Achalasia is the inability to swallow caused
by the inability of the lower esophagus sphincter
or LES to open.
Symptoms of Achalasia
The symptoms of achalasia are:
- Difficulty in swallowing
- Regurgitation of saliva or food, sometimes involuntarily
- Choking, sometimes at night during
- Bad breath
- Belching or gas
- Chest pain and heartburn, even without eating
- Weight loss and malnutrition
How is Achalasia Diagnosed?
Your doctor may do the following test to diagnose achalasia:
- Barium swallow test
Dilation, poor muscle contraction, as well as incomplete emptying
of the esophagus are seen in the barium swallow x-ray images.
This test is a visual examination of the esophagus using a flexible
tube with a camera attached.
- Esophageal manometry
This test measures the muscle contractions in the esophagus.
In achalasia, the LES loses its ability to open by relaxing its
contracted muscles. As a result, it stays closed – liquid
and food are trapped in the esophagus, sometimes causing regurgitation.
The inability of the LES to open can be caused by cancer where
the stomach meets the esophagus. This cancer can impair the nerves
that signal the LES to relax and open. In rare cases, achalasia
itself can be a precursor to cancer of the esophagus.
Treatment of achalasia includes:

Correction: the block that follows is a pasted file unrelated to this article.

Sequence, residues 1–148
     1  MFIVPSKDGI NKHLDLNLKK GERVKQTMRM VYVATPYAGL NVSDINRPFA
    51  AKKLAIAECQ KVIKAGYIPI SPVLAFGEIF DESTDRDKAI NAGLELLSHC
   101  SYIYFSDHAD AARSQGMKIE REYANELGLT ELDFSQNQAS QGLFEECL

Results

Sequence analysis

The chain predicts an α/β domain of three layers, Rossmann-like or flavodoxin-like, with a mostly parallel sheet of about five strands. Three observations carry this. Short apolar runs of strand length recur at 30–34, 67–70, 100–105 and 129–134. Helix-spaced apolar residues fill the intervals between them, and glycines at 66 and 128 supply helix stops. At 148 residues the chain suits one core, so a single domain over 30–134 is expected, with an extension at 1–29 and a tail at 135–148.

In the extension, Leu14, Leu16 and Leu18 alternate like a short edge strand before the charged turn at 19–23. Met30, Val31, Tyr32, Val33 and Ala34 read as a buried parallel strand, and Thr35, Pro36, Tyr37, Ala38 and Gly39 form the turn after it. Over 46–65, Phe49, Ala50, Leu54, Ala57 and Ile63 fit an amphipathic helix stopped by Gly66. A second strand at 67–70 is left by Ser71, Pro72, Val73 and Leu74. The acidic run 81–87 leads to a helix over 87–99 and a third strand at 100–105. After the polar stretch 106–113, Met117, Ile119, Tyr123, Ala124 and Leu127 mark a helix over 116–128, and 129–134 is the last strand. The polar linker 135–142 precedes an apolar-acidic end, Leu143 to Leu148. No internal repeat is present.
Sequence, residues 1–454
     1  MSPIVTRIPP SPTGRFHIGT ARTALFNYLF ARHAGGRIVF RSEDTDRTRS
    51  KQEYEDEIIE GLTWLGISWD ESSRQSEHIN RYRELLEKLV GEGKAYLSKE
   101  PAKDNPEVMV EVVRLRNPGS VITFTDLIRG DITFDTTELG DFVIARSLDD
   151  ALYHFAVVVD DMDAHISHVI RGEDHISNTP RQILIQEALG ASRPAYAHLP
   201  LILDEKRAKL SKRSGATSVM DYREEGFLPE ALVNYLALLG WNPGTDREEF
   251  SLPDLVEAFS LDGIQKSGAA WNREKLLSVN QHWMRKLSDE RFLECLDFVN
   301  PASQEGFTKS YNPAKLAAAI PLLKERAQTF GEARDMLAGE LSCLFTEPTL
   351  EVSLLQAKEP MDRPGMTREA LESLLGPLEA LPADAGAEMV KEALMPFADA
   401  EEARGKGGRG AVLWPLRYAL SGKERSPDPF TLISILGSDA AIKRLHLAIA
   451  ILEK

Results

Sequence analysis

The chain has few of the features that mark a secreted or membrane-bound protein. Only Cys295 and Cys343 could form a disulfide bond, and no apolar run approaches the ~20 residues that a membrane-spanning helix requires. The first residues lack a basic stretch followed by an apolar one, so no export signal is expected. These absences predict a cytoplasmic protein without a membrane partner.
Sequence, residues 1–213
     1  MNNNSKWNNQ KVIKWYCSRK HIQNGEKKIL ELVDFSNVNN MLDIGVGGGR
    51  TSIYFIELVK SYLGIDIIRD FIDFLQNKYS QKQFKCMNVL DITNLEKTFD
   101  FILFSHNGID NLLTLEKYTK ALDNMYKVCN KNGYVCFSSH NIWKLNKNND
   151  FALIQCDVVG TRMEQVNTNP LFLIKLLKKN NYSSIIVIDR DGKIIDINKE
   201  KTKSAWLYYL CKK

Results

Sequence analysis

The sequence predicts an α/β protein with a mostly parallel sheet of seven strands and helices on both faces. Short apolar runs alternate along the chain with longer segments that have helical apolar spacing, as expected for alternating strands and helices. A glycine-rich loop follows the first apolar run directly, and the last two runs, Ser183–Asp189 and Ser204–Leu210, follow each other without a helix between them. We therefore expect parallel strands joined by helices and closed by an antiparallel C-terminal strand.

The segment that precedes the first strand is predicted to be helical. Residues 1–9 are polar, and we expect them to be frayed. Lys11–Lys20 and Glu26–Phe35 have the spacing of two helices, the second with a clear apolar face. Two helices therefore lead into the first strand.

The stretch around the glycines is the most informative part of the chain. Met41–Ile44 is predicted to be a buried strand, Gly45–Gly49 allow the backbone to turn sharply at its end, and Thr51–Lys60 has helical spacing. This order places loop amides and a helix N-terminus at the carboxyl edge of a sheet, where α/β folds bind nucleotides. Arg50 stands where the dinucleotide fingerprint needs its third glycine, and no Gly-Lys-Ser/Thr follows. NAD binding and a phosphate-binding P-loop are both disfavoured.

- Pneumatic dilator
A ballon is positioned on the sphincter muscle of the LES and
then inflated. This manually forces the muscle to open. Although
several sessions may be required, this usually brings about
a permanent cure.
- Botox (botulinum toxin type A)
When injected directly to the esophagus, botox acts on the nerve
that control the LES, thus causing the sphincter muscle to relax
and open. This treatment is temporary and must be repeated after
If multiple attempts using the techniques above failed, then
the LES muscle can be surgically cut.
The treatments above carry inherent risks. For example, there
is a slight risk (estimated at about 2%) of puncturing the esophagus
during the pneumatic dilator procedure. Surgical cutting of the
LES permanently disables the muscle and reduces its ability to
prevent stomach acid from entering the esophagus. The long-term
risk of botox injection is not known.
Medical Encyclopedia: Achalasia